Leaderboard Ad

Getting Up-to-Date on a Range of Topics

Tonsillectomy, e-cigarettes, and citrus headlined Monday’s Panel Presentation “Are You Up-to-Date? Key Otolaryngology Systematic Reviews” that provided attendees current, evidence-based otolaryngology research. Attendees heard the latest randomized trials and systematic reviews in the fields of pediatric otolaryngology, facial plastic and reconstructive surgery, head and neck surgery, otology, laryngology, and rhinology.

Tonsillectomy: Children undergoing tonsillectomy had fewer sore throats and strep infections after surgery, but there was no difference one year post-op when compared with children in a “watchful waiting” group. However, the tonsillectomy children and teens did miss fewer days of school and had fewer doctor visits.

The pediatric tonsillectomy review covered 241 studies over 36 years.

“As many of us know, there is no gold standard for tonsillitis,” said Carrie Francis, MD, associate professor in the Pediatric Otolaryngology Division of the Department of Otolaryngology-Head and Neck Surgery at Kansas University Medical Center. The review authors said using the frequency of infections as a measure of severity to determine tonsillectomy is fraught with complexity related to diagnostic variability and inconsistent medical documentation.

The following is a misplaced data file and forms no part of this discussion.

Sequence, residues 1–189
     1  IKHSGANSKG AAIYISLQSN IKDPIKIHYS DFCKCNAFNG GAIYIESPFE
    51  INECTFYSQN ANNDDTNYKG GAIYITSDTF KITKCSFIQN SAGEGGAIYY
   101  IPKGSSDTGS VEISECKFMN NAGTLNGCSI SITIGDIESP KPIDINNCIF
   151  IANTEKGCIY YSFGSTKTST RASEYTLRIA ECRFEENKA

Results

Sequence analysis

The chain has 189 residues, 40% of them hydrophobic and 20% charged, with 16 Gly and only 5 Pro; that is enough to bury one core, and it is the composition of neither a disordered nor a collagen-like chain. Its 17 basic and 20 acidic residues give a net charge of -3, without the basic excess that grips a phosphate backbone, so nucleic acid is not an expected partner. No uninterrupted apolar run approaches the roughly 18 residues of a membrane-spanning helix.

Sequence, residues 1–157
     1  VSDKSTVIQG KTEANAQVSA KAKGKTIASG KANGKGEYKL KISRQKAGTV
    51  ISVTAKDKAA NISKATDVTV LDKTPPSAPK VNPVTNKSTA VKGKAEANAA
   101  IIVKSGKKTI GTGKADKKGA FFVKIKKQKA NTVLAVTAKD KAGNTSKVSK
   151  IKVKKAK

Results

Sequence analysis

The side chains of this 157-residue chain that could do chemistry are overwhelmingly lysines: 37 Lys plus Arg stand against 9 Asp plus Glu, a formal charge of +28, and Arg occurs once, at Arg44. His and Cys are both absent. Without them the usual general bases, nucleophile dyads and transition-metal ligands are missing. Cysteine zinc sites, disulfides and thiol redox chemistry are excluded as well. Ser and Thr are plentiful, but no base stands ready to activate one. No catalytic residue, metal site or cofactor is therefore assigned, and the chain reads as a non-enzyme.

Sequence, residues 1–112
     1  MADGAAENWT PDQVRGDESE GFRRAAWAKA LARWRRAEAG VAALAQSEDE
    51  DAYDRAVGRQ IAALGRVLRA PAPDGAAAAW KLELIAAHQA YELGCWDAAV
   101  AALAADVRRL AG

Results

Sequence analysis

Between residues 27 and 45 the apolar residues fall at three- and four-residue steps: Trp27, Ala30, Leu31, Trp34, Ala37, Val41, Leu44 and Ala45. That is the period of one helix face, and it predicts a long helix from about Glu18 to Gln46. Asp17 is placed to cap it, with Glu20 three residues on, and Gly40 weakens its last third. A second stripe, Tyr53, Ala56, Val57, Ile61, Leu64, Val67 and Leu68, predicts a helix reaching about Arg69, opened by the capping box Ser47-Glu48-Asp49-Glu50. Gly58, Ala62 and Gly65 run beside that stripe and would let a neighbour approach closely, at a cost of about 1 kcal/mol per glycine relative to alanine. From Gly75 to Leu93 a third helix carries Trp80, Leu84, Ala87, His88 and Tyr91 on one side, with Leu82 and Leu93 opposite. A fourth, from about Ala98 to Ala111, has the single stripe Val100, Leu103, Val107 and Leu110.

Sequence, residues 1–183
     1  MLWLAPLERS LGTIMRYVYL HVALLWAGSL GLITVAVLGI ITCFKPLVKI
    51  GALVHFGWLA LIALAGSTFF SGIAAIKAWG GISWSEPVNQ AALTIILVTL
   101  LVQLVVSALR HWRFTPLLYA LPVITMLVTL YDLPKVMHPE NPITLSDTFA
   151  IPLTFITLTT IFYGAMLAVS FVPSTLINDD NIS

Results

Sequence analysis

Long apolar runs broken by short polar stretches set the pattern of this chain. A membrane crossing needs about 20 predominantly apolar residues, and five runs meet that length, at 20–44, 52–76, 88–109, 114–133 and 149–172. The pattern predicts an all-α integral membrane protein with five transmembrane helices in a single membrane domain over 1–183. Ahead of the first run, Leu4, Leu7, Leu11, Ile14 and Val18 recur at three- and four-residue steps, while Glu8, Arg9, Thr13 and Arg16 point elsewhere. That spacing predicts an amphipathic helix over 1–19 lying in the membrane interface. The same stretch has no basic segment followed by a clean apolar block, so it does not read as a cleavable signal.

“This confirms prior thinking that the decision-making needs to balance the benefits of reducing illness-related outcomes with the risks associated with surgery,” Dr. Francis said.

E-cigarettes: E-cigarettes are not an effective option for people trying to quit smoking, according to a review of 38 research papers.

“E-cigarettes are a growing issue; we hear more and more about them, and they have become a multibillion dollar industry very quickly,” said Samir Khariwala, MD, MS, associate professor and chief of the Division of Head and Neck Surgery at the University of Minnesota.

While the carcinogen dose is lower in e-cigarettes, it is not zero.

“And there are other things in these products that we just don’t know about. Propylene glycol is the main solvent, and we don’t know what the long-term impact of inhaling proplylene glycol is,” he said.

The studies revealed e-cigarette users were actually less likely to quit smoking. Clinicians should encourage patients to use other, proven options, such as nicotine replacement therapy or behavioral therapy, Dr. Khariwala said.

Citrus for oral cancer: A review of 17 studies showed high levels of citrus can reduce the risk of oral cancer. Other studies have shown that citrus may reduce a person’s risk of bladder, breast, and esophageal cancers. The citrus review compared highest versus lowest citrus amount, but it stopped short of defining the optimal amounts.

“I don’t know if that’s 10 oranges or two oranges, so it’s hard to put this into practice,” Dr. Khariwala said.

Overall, the studies showed a significant reduced risk of oral cancer in those with high intakes of citrus, which probably relates to vitamin C, he said.

“In practice, I would consider this for patients who are at high risk of recurrence or who have multiple oral cancers,” he said. “It clearly does have a benefit, so that’s something useful we can tell our patients.”